In this week's Media Roundup, Bruce Allen looks at the reaction following Brandon Meriweather's hit and wonders if the public outcry would be so loud if the guilty party was a different Patriots' player.
Does any of this outrage over helmet-to-helmet hits sound familiar? Well it should. It seems that at some point each season, we're going to be subjected to a week or two where seemingly everyone in the media gets up in arms over the dangers of these hits. Then the league reacts by saying it is going to get tough on these types of hits. Three years ago, the league told officials to start ejecting players for helmet-to-helmet hits.Two years ago, after a rash of more hits and launching incidents, the league talked tough once again.
Interesting that later that same season, Ryan Clark was not fined for launching himself at Wes Welker, a hit that I think the Patriots receiver still feels. At the time, NFL vice president of officiating Mike Pereira stated that launching was not a foul, despite statements earlier in the season from Ray Anderson that called it an "illegal technique."
I'll admit to slight annoyance over the most recent outrage and outcry over helmet-to-helmet hits in the NFL. Oh, I fully understand and sympathize with the dangers involved to the players, but I think at least locally, the outrage on sports talk radio among hosts and callers, those wanting the suspension of Patriots safety Brandon Meriweather is not solely stemming from concern over the health of NFL players.
Let's be frank about this. A lot of this outcry locally is because of Brandon Meriweather, and who he is.
Despite a Pro Bowl berth last year (yes, aided by an injury to the player voted to the position) Meriweather is among the least popular Patriots. His comments early in the season about how he was freelancing on defense just confirmed in many people's minds that he is not the answer at the safety position. Add to that his long hair and a style of speech unfamiliar to New England, and you've got yourself a target.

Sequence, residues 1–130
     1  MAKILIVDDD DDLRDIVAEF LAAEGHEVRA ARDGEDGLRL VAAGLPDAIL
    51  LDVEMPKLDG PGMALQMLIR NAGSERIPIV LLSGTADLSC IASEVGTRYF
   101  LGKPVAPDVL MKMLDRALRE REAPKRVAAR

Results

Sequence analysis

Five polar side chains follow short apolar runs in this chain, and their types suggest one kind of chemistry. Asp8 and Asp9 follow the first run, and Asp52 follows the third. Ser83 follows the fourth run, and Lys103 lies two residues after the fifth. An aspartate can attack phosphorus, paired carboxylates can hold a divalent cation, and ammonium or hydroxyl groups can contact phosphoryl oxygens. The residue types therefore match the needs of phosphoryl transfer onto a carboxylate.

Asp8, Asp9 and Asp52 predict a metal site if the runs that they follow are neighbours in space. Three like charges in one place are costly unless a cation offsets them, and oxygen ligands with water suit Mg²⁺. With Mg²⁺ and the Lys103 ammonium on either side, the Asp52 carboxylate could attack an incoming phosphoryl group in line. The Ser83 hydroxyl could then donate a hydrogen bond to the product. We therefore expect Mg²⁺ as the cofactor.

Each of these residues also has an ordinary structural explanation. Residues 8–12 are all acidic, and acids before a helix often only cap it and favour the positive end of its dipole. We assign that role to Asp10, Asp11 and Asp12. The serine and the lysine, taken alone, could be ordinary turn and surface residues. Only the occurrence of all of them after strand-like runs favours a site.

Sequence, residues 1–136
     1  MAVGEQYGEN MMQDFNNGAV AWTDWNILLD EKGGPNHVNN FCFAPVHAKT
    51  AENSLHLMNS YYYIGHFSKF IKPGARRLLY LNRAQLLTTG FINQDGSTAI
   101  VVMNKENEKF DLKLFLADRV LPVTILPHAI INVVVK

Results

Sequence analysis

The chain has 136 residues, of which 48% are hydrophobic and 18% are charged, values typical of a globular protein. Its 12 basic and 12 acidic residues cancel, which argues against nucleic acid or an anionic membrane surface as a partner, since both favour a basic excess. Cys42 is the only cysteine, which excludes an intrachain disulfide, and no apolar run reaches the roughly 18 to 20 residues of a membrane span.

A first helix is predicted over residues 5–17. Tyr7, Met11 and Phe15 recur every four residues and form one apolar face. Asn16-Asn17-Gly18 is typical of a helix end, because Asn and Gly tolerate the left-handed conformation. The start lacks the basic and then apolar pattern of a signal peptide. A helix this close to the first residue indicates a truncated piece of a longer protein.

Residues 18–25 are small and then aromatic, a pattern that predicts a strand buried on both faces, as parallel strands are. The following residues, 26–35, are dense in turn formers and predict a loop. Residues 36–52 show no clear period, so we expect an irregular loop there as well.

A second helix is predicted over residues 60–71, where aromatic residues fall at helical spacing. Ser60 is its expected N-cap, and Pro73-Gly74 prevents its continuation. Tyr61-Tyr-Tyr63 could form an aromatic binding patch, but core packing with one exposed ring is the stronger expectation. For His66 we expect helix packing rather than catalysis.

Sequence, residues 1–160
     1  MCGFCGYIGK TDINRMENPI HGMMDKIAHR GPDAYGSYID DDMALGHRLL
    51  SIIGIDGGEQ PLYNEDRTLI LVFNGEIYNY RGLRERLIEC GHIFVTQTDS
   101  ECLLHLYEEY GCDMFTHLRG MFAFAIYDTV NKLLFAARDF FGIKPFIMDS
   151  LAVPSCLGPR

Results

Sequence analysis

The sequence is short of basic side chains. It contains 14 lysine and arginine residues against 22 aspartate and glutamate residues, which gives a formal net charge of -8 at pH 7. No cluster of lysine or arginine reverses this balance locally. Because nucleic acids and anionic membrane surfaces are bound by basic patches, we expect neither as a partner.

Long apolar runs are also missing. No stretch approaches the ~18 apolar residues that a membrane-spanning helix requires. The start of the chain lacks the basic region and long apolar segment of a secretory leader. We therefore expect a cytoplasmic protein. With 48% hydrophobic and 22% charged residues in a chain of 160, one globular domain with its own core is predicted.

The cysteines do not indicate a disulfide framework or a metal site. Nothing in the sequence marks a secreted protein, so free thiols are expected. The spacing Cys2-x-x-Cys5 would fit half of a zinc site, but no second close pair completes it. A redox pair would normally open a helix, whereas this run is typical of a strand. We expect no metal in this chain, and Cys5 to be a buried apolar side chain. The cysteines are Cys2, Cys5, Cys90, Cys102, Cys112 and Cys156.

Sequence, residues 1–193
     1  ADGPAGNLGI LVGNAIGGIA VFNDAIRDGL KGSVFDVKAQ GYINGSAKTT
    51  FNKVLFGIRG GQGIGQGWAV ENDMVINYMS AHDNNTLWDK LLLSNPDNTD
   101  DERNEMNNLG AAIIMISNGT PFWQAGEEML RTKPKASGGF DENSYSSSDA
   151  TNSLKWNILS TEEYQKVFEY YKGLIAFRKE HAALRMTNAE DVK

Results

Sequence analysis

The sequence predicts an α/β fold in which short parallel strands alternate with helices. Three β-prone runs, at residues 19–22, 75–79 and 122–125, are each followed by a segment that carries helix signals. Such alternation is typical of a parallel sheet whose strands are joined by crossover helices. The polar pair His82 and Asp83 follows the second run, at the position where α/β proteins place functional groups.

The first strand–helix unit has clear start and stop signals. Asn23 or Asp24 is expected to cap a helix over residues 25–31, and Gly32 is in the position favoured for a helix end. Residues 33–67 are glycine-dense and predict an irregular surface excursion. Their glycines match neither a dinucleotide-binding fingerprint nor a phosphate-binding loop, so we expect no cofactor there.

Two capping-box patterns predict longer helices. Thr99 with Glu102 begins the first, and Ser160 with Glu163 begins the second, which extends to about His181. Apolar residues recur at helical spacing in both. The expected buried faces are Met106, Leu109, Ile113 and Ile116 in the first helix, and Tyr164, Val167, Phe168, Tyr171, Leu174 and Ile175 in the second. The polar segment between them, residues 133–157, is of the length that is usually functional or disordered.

I don't recall Patriots fans and radio hosts going on the air to call for the suspension of a local player before. Unless it was Marty McSorley, but that was a different sport altogether. Was there a cry for suspension after this hit for instance? I don't think so.
If this had been a more popular Patriots player who made the hit, I really think the reaction among the media and fans would be more subdued. Since it's a guy they already dislike -- and even wouldn't mind out of the lineup -- they can feel free to moralize on the subject.
The biggest disappointment for me in all of this is that all of this talk has taken away from discussion of the most impressive and perhaps important victory for the Patriots since 2007. This team is developing and growing right before our eyes and last Sunday was a big step forward for them.
Tuesday's announcement that NESN would start simulcasting WEEI's Dennis and Callahan show in the mornings beginning on November 16th was met with a variety of reactions.
Some pointed out, quite correctly, the dearth of morning programming on NESN to begin with, and that Dennis and Callahan would be an upgrade over Anthony Sullivan pitching products that Billy Mays used to pitch, and reruns of the dreadful NESN Daily show from the night before.
I can't really argue against that. At times, D&C is must-listen radio, most notably when they have guests such as Tom Brady, Adam Schefter or Jerod Mayo on. (I'll also confess to being an avid reader of Harlan Coben -- it's a guilty pleasure.)
The downside though, is undeniable. At their best, Dennis and Callahan can be polarizing. When they move into political talk, which they do, each day, things can get ugly. And they frequently do. The hosts also have the nasty habit of nastiness and being condescending while berating those who disagree with them.
The question is, will NESN viewers care? Will there even be enough viewers on NESN in the mornings that it even makes a difference? Perhaps not. NESN needs to fill some air time, cheaply, and this is one way to do it.
NESN is following the lead of other regional sports networks around the country who use sports radio calls to fill a portion of their programming day. ESPN even does it with the Mike & Mike In The Morning show for ESPN2.
A few random thoughts...
- So how do Patriots fans feel about the NFL Network using Derek Jeter to introduce and talk about Tom Brady on the NFL's Top 100 list?
- Junior Seau apparently picked the right week to lose his mind. His odd story of being arrested on a domestic violence charge and then driving his car off a cliff would normally be fodder for days. All but ignored this week.
- Michael Felger has been steadfast in his stance that Randy Moss was a bad fit for the Patriots and that they made a mistake in not giving Deion Branch the contract he wanted back in 2006. He's looking more right each day.
- Can you remember an October with less talk about the Red Sox than this one? With the Red Sox not in the postseason, the Patriots again a soap opera for the media, and the Bruins and Celtics both looking to be contenders, it's been a cold start to the Hot Stove season. I expect things to heat up more next month.
- That said, even though the ratings may not reflect it, I've enjoyed these baseball playoffs more than any I can remember that didn't have the Red Sox involved. There has been a ton of great pitching and drama.